have if I had had two free ones.
slowly mimed the action of putting my carbine on the ground in front
of me. As far as I could tell, the lady followed the motions, but
I guess in whatever hell-hole that she lived in this wasn't as unambiguous
as I had intended. I motioned for her to do the same. She cocked
her head slightly to the side. After a moment, she slowly reached
around for her rifle in its hide sling.
reaching for the trigger
would be denial later, but I clearly remember Tucker saying these
words as the lady tried to unsling her cheap, old, mass-produced
assault rifle. There was all sorts of talk just then, but I remember
" Leftenant Price said.
ewe need to put that day-own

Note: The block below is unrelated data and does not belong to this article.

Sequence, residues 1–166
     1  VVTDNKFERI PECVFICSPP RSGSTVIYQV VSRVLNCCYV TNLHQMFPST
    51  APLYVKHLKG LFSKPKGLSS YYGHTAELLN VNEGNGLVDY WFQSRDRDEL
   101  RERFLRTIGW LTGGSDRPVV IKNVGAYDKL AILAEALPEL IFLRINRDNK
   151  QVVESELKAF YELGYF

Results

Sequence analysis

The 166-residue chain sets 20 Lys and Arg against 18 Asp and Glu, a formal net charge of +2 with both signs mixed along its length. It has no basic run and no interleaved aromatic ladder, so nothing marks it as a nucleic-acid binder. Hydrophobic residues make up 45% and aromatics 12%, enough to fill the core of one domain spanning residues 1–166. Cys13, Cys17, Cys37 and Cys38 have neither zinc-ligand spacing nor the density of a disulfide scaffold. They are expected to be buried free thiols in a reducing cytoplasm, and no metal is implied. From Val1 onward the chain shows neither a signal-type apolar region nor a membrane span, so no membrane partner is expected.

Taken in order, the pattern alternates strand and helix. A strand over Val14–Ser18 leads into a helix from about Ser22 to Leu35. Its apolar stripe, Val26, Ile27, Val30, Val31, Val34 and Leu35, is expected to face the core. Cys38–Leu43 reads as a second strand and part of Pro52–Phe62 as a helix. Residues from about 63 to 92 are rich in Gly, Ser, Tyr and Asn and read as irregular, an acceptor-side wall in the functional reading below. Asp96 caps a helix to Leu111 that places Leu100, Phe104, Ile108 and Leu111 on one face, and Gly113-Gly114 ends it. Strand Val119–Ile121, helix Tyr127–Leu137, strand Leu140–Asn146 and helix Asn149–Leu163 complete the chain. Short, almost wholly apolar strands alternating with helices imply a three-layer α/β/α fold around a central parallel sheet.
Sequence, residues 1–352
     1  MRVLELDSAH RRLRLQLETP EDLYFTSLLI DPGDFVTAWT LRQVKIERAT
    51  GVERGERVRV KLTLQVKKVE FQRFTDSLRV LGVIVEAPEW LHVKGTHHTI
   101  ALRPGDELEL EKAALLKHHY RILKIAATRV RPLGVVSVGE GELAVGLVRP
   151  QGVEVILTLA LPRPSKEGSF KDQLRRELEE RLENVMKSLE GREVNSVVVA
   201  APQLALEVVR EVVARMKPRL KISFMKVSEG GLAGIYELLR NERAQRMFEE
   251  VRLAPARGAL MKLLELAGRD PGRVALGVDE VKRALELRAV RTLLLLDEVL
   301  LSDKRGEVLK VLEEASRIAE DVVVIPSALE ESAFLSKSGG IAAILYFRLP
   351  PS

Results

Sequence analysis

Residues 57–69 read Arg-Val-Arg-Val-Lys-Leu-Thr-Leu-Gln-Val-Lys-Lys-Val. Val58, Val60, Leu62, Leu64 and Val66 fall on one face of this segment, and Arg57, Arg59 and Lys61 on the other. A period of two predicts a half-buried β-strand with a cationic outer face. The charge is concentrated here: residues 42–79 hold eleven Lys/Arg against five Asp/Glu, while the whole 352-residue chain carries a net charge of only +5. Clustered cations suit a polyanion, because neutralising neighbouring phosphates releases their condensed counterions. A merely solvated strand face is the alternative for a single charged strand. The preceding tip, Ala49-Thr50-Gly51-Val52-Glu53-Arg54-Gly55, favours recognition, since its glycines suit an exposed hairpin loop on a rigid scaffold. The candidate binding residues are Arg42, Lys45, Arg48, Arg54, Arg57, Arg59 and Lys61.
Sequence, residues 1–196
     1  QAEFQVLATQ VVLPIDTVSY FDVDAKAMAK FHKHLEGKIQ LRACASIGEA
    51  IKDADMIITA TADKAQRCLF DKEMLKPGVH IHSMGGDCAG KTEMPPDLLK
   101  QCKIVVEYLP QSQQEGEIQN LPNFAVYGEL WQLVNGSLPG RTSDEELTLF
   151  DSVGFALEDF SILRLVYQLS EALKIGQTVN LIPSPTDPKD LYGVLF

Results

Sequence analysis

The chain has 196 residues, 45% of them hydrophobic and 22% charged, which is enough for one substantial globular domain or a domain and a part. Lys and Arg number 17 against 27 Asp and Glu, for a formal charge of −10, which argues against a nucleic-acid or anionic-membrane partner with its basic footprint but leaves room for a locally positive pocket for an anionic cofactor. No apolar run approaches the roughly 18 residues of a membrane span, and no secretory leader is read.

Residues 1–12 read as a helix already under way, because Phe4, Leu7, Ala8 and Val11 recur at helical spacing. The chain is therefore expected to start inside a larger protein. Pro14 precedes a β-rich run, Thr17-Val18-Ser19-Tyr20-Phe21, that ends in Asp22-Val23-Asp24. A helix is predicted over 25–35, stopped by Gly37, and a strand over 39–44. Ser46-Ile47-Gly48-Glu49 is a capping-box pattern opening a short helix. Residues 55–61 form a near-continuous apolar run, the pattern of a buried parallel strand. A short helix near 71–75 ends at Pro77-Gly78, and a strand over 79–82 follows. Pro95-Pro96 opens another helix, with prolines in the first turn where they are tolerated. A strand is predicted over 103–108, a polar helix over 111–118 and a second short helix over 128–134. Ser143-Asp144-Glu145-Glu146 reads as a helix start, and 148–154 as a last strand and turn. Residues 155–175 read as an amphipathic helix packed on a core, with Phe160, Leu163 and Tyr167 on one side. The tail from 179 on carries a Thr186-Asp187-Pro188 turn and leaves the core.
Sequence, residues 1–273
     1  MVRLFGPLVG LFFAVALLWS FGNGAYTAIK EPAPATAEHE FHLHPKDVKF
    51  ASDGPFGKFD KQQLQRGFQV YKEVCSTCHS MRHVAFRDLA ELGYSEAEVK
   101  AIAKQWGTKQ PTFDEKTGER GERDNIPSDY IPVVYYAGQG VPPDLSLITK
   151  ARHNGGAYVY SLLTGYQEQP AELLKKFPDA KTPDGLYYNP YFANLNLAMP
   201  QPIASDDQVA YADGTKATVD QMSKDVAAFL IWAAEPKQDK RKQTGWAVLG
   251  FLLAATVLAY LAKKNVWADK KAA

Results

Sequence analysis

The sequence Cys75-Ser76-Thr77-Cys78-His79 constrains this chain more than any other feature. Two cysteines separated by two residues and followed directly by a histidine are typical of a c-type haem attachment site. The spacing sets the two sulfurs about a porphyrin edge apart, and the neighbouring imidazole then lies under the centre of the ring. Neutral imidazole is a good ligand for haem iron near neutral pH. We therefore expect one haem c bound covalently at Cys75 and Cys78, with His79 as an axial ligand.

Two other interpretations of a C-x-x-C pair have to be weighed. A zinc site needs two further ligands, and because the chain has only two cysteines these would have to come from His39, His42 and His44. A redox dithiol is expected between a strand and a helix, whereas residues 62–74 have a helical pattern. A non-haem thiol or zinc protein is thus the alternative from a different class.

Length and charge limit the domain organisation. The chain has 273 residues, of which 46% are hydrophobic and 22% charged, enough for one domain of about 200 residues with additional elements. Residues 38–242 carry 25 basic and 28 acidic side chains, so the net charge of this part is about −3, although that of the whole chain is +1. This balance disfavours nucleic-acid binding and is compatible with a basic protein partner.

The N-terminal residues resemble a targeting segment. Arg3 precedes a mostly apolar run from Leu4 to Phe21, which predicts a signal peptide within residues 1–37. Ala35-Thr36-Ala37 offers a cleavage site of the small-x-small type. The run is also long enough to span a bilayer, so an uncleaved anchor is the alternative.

" Mr. Ed said, pleadingly.
" Moxie said, with an urgency that made me duck my
head and hop back into the foxhole.
was during this weird little scuttle that I missed the important
part of this entire story. I sure as shit heard it, though.
Somebody shot the mother. Where she had been standing there was
just a little black pile of rags in the middle of the road. The
child was holding a limp sleeve instead of its mother's hand.
your fire, you stupid fucks!" yelled Price.
didn't do it
" I could hear Tucker say.
fucking saw it!" Todd Sixbury shouted back.
you, Toddy, you shot her." I looked up in time to see
everyone start pointing carbines in the wrong direction.
a word in Latin for when a bunch of scared swinging dicks who haven't
been home in a year and a half start pointing guns at each other,
but hell if I know what it is.
heard it, too, Tuck," Moxie said from behind me.
when it got really bad. The first shot had been just a quick sharp
bang, the second noise was more like a badly-tuned car backfiring
a dozen times. Tucker's carbine rattled from my left and I felt
Moxie go limp behind me. I was still trying to get turned around
in the hole when all hell broke loose.
I said, none of us had fired our guns in a long time.